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Beerpedia

Beer Quality

Conversations about beer often include the term beer quality. Usually, it is in reference to the overall experience of drinking beer. The combination of appearance, aroma and flavor is measured carefully in our brain receptors and a conclusion is made. We like it or not. Either way we create a sensory profile of the beer for ourselves and we set certain expectations. The most important job the brewer and the brewery have is to meet these expectations. That why consistency is so important.

If every step of the brewing process is not carefully completed, the chances of scattered results increase. Brewing is a long process and beer stability is one of the main concerns for the brewer. Beer stability is important for the perception of beer quality. It refers to physical (liquid clarity), microbiological (avoiding contamination) and flavor stability. The first two are totally controlled by the brewer. The third one, flavor stability, is only partially controllable by the brewer and that is where many issues can arise.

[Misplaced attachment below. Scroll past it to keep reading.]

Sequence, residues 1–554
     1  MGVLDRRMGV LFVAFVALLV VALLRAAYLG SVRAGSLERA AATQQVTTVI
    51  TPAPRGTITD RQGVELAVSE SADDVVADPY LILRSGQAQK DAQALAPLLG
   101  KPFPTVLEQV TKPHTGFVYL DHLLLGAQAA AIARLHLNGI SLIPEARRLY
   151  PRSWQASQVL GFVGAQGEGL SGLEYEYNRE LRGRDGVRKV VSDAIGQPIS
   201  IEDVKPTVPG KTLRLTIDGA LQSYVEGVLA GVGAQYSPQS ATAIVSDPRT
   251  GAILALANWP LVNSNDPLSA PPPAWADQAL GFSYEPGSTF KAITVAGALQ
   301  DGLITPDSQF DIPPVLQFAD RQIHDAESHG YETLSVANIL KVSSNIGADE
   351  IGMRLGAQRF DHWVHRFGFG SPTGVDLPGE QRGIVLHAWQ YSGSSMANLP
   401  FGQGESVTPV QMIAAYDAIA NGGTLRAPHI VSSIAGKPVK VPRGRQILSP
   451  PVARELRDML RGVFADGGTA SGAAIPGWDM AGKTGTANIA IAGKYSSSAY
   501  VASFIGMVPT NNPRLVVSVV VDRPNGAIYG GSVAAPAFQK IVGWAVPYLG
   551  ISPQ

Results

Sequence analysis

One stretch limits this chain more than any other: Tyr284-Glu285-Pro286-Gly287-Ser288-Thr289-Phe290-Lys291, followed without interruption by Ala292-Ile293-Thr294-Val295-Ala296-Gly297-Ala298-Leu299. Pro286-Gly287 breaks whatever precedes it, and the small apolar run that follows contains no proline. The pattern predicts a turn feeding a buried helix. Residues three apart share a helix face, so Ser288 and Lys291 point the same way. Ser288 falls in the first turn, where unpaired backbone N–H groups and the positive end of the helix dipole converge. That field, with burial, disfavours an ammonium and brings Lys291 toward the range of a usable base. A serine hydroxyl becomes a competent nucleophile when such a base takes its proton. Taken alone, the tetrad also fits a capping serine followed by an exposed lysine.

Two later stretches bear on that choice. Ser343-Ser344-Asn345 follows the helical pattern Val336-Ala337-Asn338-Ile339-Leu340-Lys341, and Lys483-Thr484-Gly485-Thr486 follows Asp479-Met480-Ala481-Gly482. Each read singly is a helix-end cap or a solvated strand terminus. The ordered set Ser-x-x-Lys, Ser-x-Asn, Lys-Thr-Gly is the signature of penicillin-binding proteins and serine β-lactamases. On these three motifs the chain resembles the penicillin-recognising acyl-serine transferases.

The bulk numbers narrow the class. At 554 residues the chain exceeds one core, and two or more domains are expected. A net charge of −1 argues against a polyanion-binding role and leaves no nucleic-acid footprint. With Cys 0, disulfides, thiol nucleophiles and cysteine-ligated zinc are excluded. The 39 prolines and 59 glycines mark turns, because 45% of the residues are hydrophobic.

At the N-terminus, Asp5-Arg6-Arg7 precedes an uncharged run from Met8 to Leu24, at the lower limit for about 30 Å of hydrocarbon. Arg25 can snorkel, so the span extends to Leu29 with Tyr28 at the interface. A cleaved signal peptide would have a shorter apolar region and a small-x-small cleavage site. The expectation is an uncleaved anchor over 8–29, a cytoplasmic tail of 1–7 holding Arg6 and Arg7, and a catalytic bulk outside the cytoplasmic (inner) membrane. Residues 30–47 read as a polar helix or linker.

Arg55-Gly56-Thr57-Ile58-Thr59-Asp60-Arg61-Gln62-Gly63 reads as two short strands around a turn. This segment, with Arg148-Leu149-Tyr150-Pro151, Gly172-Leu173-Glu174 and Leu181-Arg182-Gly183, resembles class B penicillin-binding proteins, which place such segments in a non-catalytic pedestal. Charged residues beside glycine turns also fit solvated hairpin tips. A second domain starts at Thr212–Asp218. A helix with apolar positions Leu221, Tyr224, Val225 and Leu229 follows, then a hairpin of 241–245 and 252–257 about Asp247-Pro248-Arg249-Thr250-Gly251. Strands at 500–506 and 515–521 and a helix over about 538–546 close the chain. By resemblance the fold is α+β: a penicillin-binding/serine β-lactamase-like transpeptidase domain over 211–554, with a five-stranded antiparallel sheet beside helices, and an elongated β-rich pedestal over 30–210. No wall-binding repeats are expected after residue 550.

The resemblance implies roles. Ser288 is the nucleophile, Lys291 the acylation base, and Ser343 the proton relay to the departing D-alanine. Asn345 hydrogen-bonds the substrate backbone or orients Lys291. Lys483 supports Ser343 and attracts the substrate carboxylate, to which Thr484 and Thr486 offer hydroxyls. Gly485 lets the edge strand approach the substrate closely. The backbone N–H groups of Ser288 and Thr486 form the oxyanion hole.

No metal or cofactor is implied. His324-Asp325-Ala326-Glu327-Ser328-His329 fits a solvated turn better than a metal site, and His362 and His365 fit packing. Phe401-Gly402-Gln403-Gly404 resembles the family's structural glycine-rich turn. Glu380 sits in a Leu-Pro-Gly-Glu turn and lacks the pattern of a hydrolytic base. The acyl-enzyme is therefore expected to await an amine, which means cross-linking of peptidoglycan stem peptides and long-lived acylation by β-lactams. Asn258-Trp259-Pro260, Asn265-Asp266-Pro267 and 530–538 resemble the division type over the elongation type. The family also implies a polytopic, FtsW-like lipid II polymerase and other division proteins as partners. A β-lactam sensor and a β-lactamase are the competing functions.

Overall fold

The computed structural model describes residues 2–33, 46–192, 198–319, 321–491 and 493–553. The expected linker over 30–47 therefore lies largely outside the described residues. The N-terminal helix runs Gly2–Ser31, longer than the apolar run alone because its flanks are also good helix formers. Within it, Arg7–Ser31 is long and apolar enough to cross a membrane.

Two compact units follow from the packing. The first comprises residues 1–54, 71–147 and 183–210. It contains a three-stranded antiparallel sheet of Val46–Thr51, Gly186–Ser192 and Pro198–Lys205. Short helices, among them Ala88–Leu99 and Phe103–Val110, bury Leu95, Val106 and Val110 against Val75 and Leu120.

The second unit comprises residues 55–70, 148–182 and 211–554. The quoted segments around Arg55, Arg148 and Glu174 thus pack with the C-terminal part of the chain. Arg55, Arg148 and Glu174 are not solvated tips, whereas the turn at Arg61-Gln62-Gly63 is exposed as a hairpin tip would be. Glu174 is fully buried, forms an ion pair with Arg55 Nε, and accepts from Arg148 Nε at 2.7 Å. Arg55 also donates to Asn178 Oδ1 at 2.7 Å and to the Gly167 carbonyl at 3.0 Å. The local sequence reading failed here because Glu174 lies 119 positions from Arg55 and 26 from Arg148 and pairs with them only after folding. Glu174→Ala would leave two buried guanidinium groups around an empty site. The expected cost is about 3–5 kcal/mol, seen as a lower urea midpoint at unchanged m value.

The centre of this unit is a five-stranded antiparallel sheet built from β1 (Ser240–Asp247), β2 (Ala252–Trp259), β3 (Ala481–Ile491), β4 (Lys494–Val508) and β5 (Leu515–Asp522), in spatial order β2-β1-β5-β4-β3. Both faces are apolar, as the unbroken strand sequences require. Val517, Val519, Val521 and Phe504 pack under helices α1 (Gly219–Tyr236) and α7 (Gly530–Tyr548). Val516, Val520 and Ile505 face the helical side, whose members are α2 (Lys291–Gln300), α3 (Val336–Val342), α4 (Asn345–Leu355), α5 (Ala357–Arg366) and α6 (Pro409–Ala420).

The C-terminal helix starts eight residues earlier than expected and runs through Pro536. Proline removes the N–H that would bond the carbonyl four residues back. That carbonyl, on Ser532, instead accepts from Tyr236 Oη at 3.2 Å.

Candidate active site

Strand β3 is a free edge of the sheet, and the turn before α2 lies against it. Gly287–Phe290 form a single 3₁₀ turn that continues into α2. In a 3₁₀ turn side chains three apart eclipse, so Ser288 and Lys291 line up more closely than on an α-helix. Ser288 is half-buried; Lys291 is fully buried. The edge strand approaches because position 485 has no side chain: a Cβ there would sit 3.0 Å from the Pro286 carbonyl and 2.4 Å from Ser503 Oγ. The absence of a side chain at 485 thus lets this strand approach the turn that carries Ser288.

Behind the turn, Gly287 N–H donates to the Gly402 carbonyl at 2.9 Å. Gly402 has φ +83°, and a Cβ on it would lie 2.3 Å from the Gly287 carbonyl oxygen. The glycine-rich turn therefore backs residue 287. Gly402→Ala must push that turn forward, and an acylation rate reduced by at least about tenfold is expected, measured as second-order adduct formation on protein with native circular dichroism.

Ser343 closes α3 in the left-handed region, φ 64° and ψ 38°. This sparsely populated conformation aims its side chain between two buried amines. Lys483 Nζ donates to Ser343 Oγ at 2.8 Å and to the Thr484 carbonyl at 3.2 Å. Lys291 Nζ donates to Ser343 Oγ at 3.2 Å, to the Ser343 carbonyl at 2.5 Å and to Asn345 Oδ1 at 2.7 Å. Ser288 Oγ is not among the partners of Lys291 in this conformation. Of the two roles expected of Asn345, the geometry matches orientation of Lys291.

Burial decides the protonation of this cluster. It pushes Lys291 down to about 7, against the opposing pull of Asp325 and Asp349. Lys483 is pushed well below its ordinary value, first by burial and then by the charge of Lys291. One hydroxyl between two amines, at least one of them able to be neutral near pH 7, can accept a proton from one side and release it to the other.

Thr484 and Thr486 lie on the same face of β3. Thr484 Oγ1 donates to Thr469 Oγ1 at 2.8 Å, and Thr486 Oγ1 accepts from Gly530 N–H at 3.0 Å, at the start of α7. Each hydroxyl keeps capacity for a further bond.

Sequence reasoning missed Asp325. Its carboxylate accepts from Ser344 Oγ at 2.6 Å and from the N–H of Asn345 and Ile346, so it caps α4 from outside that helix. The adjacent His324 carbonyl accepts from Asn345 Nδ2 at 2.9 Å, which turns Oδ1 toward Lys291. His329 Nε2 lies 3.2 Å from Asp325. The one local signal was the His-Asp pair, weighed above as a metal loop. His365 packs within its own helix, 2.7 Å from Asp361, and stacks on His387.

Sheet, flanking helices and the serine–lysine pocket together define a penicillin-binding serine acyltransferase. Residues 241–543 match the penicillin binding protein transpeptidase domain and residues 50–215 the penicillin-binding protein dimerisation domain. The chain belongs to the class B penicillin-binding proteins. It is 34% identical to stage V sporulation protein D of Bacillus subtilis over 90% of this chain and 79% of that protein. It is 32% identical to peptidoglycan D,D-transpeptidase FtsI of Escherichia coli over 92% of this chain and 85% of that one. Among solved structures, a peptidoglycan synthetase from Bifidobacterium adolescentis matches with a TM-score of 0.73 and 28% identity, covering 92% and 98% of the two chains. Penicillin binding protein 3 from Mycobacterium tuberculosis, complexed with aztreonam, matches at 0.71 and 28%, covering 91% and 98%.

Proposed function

As soon as the beer leaves the brewery, it should be kept in the best possible conditions, which means away from light and heat. The third enemy of beer, oxygen, is taken care of in the brewery. It is perfectly natural that flavor changes as beer ages. It is a part of the beer experience. Some styles (hop forward beers i.e.) are more affected by aging than others. In some styles aging is even desirable (strong beers like barleywine or imperial stouts). However, outside factors can compromise flavor stability and that is why education of all people involved in the beer delivery process, from distributors to the bartenders, is a must.

Beer is a living thing that requires constant maintenance and care at every step. A disappointed beer drinker is the worst thing that can happen to a brewer. Because what the brewers job really comes down to is providing the ultimate satisfaction via the liquid he carefully creates.